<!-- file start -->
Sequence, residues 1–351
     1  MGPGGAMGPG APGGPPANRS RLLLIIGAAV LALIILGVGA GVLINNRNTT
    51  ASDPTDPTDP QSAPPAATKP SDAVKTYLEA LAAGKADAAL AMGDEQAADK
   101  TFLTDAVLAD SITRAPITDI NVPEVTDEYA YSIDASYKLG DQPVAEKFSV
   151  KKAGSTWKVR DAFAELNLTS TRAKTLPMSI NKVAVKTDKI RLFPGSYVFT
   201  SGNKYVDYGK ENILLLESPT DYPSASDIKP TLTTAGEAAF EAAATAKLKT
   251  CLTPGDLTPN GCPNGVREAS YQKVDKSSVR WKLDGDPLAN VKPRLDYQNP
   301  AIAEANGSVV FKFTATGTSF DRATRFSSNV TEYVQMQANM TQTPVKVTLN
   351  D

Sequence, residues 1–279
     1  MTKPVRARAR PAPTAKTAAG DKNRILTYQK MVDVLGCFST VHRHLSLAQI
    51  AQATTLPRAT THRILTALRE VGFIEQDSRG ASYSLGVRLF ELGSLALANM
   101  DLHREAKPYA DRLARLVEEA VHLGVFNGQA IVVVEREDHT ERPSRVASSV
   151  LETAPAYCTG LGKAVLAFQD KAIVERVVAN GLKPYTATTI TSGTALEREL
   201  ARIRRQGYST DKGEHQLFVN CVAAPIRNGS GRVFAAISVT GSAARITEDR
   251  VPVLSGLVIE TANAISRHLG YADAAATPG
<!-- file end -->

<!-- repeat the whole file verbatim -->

Sequence, residues 1–351
     1  MGPGGAMGPG APGGPPANRS RLLLIIGAAV LALIILGVGA GVLINNRNTT
    51  ASDPTDPTDP QSAPPAATKP SDAVKTYLEA LAAGKADAAL AMGDEQAADK
   101  TFLTDAVLAD SITRAPITDI NVPEVTDEYA YSIDASYKLG DQPVAEKFSV
   151  KKAGSTWKVR DAFAELNLTS TRAKTLPMSI NKVAVKTDKI RLFPGSYVFT
   201  SGNKYVDYGK ENILLLESPT DYPSASDIKP TLTTAGEAAF EAAATAKLKT
   251  CLTPGDLTPN GCPNGVREAS YQKVDKSSVR WKLDGDPLAN VKPRLDYQNP
   301  AIAEANGSVV FKFTATGTSF DRATRFSSNV TEYVQMQANM TQTPVKVTLN
   351  D

Sequence, residues 1–279
     1  MTKPVRARAR PAPTAKTAAG DKNRILTYQK MVDVLGCFST VHRHLSLAQI
    51  AQATTLPRAT THRILTALRE VGFIEQDSRG ASYSLGVRLF ELGSLALANM
   101  DLHREAKPYA DRLARLVEEA VHLGVFNGQA IVVVEREDHT ERPSRVASSV
   151  LETAPAYCTG LGKAVLAFQD KAIVERVVAN GLKPYTATTI TSGTALEREL
   201  ARIRRQGYST DKGEHQLFVN CVAAPIRNGS GRVFAAISVT GSAARITEDR
   251  VPVLSGLVIE TANAISRHLG YADAAATPG